In other cultures, the pagan fertility figures and the Christian bishop gradually combined to become Father Christmas, or Santa Claus. Variations include Kris Kringle, a name most likely derived from Christ Kindl (Christ-child) or Belsnickle derived from Pelz-nickle (Nicholas in Furs. More detailed accounts of these proto-Santas appear elsewhere). In the nineteenth century, Christmas grew in cultural importance; correspondingly, Claus increased in popularity. He was still, frequently, a giant in those days, though a white-bearded one. Most of the time, he wore red, green (remnants of the midwinter celebrations) or white (a nod to Nick?), but artists also depicted him in yellow, blue, and other festive colours. Stories were told which housed him in the far north-- where winter never ends-- and horses or reindeer were said to be his method of transportation. The elves, meanwhile, appear to be borrowed from Norway and Denmark, where julnissen were said to hide presents on Christmas Eve, to be found the next morning. (at this point we should also recall the Norse god Odin, another Northerner whom many have connected to Claus lore).

Washington Irving's 1809 book, Knickerbocker's History of New York, made Santa a pipe-smoking old elf, and Clement Clarke Moore's poem "A Visit from St. Nicholas," written in 1848, gave "eight tiny reindeer" their popular names. Nineteenth century artists such as Felix Darley drew upon this image to create his short, fat Santa. Thomas Nast, in particular, influenced later artists, such as Norman Rockwell, who illustrated similar Santas for commercial publications such as the Saturday Evening Post. By the 1920s, the standard, modern image of Santa was set. The Coca-Cola company, often incorrectly identified as creating that image, began using the character in advertisements in the 1930s. After all, he wears their corporate colours. Their Santa (painted by Haddon Sundblom) made few changes to the existing version, and Coke overplays their connection to the Jolly Old Pitchman. Their key role seems to be in helping to re-export the established U.S. version of the character to the world.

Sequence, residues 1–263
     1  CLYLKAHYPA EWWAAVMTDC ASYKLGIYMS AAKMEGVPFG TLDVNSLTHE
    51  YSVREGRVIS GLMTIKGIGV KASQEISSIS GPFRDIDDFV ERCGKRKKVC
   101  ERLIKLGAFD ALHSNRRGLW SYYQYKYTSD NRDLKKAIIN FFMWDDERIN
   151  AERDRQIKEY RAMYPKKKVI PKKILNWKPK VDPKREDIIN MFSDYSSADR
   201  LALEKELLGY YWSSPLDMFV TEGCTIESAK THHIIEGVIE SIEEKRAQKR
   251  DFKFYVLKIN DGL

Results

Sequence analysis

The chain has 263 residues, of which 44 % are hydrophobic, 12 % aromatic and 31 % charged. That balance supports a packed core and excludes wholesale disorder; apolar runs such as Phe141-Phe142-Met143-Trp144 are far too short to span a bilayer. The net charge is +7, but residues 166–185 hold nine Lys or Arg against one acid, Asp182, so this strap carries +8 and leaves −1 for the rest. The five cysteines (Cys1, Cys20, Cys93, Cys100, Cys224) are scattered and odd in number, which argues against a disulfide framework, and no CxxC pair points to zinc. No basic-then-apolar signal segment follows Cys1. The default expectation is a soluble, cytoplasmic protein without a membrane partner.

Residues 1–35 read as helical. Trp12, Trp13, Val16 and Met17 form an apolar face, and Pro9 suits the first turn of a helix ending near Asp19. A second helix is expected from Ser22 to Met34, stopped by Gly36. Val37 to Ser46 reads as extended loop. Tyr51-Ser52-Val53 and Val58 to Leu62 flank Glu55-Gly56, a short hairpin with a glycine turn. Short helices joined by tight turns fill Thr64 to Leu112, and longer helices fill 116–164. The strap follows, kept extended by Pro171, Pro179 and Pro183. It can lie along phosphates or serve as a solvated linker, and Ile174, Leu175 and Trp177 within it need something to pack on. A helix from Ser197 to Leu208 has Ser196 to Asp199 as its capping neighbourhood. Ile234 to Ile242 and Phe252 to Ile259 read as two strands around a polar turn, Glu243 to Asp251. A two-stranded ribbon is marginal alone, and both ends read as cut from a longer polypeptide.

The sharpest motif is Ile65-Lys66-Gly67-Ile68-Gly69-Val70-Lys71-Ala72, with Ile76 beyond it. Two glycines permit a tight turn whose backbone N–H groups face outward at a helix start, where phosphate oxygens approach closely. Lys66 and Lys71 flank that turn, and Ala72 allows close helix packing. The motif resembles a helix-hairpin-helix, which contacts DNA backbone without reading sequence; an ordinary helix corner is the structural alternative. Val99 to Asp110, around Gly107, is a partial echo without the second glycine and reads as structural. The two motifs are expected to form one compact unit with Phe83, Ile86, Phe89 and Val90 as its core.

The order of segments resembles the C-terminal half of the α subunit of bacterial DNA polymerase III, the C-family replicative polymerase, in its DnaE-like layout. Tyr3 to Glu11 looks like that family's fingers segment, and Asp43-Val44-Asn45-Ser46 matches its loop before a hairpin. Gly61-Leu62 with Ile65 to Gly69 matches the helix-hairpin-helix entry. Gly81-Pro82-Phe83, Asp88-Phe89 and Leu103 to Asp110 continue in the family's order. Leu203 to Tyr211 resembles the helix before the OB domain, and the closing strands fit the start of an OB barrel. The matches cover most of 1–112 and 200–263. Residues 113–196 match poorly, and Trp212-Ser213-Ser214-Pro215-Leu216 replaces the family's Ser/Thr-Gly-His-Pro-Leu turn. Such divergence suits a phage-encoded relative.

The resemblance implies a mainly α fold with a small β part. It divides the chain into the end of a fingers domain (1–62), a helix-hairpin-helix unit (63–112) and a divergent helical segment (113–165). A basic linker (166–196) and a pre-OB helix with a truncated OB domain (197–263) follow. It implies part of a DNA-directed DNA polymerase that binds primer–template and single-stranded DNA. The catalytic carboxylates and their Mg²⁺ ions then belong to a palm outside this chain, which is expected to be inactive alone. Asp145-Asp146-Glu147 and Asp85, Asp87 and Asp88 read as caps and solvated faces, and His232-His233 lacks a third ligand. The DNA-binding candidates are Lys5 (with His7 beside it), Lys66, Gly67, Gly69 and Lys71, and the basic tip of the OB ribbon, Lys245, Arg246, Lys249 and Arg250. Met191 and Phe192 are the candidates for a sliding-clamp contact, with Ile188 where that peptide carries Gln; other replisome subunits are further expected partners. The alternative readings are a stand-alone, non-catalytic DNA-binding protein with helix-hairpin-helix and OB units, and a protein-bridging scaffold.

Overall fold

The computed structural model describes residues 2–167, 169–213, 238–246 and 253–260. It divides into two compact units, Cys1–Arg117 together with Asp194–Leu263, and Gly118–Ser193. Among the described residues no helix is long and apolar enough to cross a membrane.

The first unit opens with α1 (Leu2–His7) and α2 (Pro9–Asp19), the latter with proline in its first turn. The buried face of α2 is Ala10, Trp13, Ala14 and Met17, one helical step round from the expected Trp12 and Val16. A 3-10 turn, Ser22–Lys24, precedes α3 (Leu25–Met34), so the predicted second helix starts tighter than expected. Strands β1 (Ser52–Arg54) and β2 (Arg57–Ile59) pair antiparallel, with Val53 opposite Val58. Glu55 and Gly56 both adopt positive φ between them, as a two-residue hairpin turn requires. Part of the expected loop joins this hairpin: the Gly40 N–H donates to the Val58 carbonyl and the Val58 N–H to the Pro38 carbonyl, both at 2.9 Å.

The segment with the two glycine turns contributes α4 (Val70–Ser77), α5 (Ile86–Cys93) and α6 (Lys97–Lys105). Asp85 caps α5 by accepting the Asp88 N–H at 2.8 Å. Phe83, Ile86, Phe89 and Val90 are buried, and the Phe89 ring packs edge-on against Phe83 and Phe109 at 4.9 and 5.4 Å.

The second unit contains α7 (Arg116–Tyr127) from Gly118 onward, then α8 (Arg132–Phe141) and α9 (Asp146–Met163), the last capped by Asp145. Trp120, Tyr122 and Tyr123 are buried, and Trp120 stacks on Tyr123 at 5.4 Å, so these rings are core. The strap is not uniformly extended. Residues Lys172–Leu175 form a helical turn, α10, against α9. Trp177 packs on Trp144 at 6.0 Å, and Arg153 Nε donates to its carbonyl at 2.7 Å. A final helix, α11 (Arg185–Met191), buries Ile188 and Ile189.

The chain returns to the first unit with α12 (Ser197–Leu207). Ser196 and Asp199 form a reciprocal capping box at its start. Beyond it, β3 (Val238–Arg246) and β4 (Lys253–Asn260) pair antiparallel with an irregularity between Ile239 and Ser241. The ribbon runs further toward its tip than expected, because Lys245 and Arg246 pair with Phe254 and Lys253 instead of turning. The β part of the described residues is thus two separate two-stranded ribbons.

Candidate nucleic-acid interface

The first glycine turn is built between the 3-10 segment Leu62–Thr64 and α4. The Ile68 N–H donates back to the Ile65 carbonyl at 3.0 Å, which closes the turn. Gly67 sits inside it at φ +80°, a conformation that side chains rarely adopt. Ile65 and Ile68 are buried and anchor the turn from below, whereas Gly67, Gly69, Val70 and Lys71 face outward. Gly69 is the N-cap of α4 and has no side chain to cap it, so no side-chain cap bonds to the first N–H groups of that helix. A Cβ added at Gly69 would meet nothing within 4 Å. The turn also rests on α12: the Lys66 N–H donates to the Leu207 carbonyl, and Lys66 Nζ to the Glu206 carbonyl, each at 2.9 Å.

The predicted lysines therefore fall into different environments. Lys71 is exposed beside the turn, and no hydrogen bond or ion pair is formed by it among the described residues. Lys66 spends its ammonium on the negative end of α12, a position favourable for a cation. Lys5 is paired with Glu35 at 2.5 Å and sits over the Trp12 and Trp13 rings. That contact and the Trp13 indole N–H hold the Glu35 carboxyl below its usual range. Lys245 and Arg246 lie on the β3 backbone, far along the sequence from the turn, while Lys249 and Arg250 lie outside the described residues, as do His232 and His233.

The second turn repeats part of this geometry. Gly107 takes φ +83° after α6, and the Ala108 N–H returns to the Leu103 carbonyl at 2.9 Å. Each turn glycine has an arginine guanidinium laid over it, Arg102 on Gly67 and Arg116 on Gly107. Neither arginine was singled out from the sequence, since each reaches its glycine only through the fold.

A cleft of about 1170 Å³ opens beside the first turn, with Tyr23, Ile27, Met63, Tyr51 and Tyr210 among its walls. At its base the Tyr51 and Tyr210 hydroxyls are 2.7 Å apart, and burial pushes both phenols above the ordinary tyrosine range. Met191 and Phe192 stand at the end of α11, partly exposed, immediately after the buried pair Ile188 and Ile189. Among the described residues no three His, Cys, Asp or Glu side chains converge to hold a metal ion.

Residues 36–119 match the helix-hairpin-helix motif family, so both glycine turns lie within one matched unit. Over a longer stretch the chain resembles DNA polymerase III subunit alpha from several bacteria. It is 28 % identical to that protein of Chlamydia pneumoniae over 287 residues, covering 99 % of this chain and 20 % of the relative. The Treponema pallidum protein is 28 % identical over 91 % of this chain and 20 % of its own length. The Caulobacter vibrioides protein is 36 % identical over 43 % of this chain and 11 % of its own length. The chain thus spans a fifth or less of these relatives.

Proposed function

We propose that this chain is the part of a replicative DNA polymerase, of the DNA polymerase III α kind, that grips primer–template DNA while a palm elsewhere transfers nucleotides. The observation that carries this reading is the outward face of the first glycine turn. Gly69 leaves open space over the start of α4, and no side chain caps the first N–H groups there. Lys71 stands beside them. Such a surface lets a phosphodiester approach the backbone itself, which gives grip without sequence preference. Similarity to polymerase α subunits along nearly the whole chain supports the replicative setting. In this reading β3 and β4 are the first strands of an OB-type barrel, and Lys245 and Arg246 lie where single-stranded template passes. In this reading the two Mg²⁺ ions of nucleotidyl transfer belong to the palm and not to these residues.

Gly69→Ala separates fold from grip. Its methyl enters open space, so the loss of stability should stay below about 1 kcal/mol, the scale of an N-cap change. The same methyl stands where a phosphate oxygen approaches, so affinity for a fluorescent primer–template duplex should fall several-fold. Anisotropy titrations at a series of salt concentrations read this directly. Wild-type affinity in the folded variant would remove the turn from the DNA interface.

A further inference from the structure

Literature and commerce have brought further touches. In the 1940s, a Montgomery Ward promotional campaign created Rudolph the Red-Nosed Reindeer, while author Valentine Davies further popularized the name Kris Kringle in Miracle on 34th Street. Other ideas have proved less successful. L. Frank Baum, of Wizard of Oz fame, wrote a story which gave Claus a lion for an associate. For some reason, the notion of a friendly Christmas carnivore has never caught on. Likewise, Baum's names for the reindeer-- Gnossie and Flossie, Racer and Pacer, Reckless and Speckless, Fearless and Peerless, Ready and Steady-- have never grabbed the popular imagination.

Santa's changing nature has always reflected popular ideology. He was a fertility symbol when we were closer to nature, a bishop once Christianity became widespread, a commercial pitchman when our culture began bowing to business and finance. Currently, the mass media influences our perceptions of him. Like all good mythic figures, Claus will likely live on; what shape he wears in this millennium will depend on what gods we choose to revere.

1. Norse dieties also influenced Santa's image. Some sources cite both the white-bearded, fatherly Odin and the (often) red-cloaked Thor as cultural ancestors, and connected these to the "King Winter" toasted by some ancients. Of course, many European cultures boast characters who played and play some role in Midwinter celebrations. Italian children, for example, traditionally receive presents from either the Mother Goose-like Bufana or (as in Spain and elsewhere) the Magi. The American Santa Claus, however, has been steadily driving these regional figures into retreat.